‘Silent and still’?

What you talkin’ about, Kevin?

bushfireservice

From The Age:

Speaking from the abbey pulpit, Mr Rudd said the fires had been an “assault on the soul” for Australians.

“For Australians, the world suddenly became silent and still on Black Saturday, silent and still as we confronted the overwhelming power of nature and the overwhelming terror of fire,” he said.

“We, as Australians, were left speechless in its wake.”

Silent and still?  Not on that Saturday it wasn’t.  Not for the people actually in the fires, with the fire roaring and screaming over the hills towards them.  Not for the people of Melbourne, listening to the  chatter and urgency of radio reports all day that somehow seemed to miss the intensity and horror of it all.  Not when the wind changed.

Silent and still the next morning, perhaps.  When we woke to hear of whole, familiar places devastated; when the death toll kept rising and rising; when you realized that everyone knew someone.  That was when all meaning seemed to leach from everyday life, that was when we became speechless.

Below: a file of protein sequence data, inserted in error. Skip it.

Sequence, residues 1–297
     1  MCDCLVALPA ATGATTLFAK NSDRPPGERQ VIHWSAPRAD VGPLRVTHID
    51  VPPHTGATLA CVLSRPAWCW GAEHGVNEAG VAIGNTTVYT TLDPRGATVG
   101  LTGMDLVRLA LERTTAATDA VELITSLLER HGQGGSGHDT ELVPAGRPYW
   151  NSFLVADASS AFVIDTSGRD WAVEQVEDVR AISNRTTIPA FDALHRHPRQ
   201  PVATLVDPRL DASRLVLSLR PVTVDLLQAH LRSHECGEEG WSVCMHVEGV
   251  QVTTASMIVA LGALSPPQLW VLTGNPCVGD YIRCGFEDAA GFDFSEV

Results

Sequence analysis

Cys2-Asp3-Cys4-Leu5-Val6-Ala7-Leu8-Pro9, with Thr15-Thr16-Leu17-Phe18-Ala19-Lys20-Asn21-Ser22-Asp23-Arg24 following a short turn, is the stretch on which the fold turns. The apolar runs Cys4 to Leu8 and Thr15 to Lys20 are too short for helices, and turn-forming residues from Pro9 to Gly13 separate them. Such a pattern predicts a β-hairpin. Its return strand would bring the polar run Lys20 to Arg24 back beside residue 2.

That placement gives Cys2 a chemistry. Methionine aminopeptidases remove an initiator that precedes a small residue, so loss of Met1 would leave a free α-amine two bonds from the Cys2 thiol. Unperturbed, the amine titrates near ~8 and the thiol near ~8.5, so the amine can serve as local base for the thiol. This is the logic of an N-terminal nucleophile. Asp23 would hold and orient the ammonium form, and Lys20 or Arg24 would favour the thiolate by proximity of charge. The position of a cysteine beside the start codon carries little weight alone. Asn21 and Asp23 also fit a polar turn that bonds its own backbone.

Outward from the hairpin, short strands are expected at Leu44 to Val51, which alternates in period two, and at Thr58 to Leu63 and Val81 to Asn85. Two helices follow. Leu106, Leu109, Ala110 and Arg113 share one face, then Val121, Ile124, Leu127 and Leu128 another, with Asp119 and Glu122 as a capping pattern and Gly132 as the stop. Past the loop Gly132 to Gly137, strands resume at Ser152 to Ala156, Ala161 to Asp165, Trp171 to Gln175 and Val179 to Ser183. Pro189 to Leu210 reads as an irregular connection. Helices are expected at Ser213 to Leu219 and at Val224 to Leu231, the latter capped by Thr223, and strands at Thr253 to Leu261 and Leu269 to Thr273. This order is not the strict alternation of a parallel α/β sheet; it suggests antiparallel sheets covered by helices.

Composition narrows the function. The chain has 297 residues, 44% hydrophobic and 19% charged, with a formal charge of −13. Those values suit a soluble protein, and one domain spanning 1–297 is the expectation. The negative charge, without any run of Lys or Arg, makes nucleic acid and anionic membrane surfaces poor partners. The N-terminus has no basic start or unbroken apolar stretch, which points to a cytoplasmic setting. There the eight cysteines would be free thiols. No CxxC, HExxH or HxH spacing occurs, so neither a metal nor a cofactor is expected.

Let’s not rewrite it just for the sake of imagery and a good speech.

3 responses to “‘Silent and still’?

  1. I think (and hope) he meant it as a figure of speech, that the day came to symbolise the sudden silence of lost friends and loved ones, the loss of the beautiful towns and the inhabitants.
    Silent and still the next day, yes, with the weight of the sheer horror pushing down on us all.

  2. That grabbed me too. Justifiable blind panic, I would have thought.

  3. For those of us outside Melbourne I think we did become still, stuck in front of the radio or TV, listening silently in horror, weeping a little as the picture began to become clear. I know I was silent and still that evening.

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